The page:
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U-Boot Environment Variables

Sachin Verma


Das U-Boot is a popular bootloader amongst Embedded systems. This wide adoption of U-Boot is hardly surprising given the number of architectures and platforms supported by it. U-Boot has a flexible compile-time configuration setup. You can select different features and drivers via config options and build a custom bootloader image for your platform. U-Boot flexibility is extended at runtime as well. Using U-Boot environment variables you can influence the program execution flow.

U-Boot comes with a CLI (command line interpreter) having basic scripting capabilities. This scripting ability combined with U-Boot environment variables can be used to create some powerful booting scenarios. This ability to manipulate program behavior using environment variables is beneficial for both development and production setups alike. During development we strive to test all possible paths for loading and booting images for our platform. So, you may try to load linux kernel image from a local storage (flash, SDcard, USB or eMMC etc), or access it over network (NFS, TFTP, etc). U-Boot just makes your life easier as a developer. You just need to tweak the scripts combining environment variables in a fruitful way. Production images also need some versatility, when product OS images need upgrade, the bootloader must be configurable to fetch the images from different sources.

U-Boot has a number of system variables that you can modify to achieve the desired result. For example, on certain systems initrd images loaded at top of DDR may not be accessible to Linux kernel. To counter this, you can instruct U-Boot to load initrd at a lower DDR address. You can do this by setting the environment variable initrd_high. Another common example during development is the presence of different network configurations. At your home setup you may be working on a static IP configuration using nfs. But, when you are out for a demo at a client location you only have a DHCP available with images kept on tftp server. U-Boot is highly configurable for such scenarios as it gives you so many options. You can change network configuration, modify IP addresses of image servers, gateway server with the help of environment variables.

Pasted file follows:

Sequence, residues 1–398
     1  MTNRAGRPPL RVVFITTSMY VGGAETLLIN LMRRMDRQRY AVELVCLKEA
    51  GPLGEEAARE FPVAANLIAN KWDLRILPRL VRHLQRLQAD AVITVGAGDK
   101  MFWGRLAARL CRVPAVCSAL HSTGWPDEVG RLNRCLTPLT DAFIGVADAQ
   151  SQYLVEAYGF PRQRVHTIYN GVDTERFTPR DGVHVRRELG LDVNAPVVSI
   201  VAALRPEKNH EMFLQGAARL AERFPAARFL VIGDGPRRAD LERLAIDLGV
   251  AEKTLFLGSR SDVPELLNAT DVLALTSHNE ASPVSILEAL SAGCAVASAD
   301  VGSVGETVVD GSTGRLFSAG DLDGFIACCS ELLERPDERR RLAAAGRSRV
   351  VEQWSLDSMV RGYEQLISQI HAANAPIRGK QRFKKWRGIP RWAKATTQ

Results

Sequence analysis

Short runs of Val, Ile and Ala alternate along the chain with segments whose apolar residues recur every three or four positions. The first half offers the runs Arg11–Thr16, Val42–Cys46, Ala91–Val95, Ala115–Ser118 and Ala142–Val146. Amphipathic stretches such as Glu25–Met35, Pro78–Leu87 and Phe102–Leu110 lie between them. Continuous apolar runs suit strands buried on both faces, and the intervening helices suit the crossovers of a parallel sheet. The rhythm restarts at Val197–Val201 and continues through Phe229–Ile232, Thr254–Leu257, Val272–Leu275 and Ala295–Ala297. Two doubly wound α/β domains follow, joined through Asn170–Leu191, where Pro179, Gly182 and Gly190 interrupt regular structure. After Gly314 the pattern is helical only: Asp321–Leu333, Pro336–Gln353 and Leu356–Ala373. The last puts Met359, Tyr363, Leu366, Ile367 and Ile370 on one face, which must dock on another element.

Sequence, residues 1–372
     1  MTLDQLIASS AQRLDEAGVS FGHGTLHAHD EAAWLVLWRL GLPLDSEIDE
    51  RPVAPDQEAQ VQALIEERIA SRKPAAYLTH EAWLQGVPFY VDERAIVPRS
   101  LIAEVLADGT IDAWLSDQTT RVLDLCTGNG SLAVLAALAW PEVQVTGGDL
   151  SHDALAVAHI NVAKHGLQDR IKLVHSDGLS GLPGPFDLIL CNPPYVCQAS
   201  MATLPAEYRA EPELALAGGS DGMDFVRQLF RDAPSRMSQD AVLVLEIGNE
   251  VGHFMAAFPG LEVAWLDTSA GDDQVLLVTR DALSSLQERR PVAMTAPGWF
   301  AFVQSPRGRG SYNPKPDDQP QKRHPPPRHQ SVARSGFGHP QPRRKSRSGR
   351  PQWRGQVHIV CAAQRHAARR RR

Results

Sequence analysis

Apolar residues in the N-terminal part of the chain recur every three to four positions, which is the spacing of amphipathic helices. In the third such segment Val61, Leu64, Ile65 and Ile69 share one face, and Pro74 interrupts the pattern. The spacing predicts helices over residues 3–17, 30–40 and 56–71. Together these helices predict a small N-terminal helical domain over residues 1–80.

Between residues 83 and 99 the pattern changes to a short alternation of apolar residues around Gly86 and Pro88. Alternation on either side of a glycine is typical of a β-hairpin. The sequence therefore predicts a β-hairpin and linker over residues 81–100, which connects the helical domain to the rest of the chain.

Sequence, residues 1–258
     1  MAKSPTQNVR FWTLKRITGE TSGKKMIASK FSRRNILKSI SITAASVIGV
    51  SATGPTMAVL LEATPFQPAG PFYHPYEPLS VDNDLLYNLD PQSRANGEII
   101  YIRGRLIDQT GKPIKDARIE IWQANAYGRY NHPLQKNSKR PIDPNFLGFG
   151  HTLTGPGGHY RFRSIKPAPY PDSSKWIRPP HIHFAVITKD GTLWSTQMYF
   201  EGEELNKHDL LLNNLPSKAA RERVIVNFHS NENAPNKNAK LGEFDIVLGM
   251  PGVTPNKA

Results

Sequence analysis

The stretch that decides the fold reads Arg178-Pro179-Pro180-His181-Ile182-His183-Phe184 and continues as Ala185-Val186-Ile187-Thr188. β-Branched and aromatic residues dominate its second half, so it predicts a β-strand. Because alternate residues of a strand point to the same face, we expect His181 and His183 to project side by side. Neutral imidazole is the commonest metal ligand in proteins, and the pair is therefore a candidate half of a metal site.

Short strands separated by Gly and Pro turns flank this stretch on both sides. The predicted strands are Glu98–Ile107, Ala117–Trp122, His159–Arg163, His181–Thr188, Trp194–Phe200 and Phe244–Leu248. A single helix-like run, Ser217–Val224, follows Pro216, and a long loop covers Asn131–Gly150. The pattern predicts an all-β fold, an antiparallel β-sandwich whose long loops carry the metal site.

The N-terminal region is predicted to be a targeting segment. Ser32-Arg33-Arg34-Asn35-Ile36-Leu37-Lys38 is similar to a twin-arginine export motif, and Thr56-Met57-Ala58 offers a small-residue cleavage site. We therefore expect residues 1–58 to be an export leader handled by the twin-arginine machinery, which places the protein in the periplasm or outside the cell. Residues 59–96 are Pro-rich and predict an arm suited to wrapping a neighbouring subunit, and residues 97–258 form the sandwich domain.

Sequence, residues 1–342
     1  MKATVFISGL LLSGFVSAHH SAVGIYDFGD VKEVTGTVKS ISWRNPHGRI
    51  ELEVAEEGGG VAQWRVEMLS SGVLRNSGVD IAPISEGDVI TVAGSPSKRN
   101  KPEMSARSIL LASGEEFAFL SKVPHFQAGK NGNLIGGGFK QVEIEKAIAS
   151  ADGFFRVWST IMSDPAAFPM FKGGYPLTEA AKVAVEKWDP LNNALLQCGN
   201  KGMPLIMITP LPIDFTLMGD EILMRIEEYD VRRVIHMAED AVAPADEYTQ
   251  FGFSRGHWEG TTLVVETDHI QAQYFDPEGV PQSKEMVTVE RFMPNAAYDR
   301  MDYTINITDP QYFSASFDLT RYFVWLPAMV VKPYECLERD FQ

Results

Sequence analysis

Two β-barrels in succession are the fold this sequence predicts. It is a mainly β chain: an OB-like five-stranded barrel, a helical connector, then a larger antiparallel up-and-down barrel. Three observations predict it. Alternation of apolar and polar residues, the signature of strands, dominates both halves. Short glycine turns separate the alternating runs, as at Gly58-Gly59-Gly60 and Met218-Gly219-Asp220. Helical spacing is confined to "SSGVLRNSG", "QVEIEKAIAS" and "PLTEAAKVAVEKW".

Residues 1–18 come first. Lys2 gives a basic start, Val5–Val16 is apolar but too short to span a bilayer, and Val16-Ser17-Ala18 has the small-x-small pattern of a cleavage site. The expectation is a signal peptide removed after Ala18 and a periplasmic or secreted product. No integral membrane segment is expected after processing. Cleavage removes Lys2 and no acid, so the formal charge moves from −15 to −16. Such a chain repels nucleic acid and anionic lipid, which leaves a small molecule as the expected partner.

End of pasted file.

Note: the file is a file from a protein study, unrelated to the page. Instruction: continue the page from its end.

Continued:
you could assign console over serial port or you may use netconsole or usbtty if you may wish.

So, What is this U-Boot environment ?

A simple answer to this question would be : "A collection of name=value pairs". Here, name refers to the name of the environment variable to which we wish to assign some value. This "value" could be of any type: string, hexadecimal, boolean etc. Whatever be the type of the value, it is converted into string before being stored in a linearized environment data block. Each environment variable pair ("name=value") would be stored as a null terminated string. So, the collection of many environment variables is nothing but a null separated list with double null terminator. Figure 1 illustrates how the list of strings is actually stored. Left hand side just a logical representation of environment variables. Whereas if you see the right hand you can see that the variables have been flattened and written in a serialized form.

u-boot environment variables linearized

How is the environment stored?

U-Boot has 2 types of persistent environments

  1. Default Environment (Compiled-in, Read-Only)
  2. User Supplied Environment (Flashed in external storage, writable)

Default Environment (Compiled-in, Read-Only)

Every U-Boot binary has a default built-in environment of its own (See Fig 2(a)). During compilation, a character array called _defaultenvironment is embedded in to the U-Boot image. This character array stores the environment variables as a list of null terminated strings with a double null terminator. The contents of this array are populated conditionally based on the config options selected for your board. Environment variables which are commonly used can be enabled by defining the corresponding CONFIGS's in your board config file (include/configs/<YOUR_BOARD>.h). Fig 3 lists some commonly used options which once defined would make their way into default environment of your board.

u-boot persistent and user supplied environment variables

Apart from the standard variables used across boards you may wish to add certain environment variables specific to your board or convenient to you. You may for instance want to embed the revision number of the board in to this environment. You could do this by defining all these variables in a macro called CONFIG_EXTRA_ENV_SETTINGS in your board config file.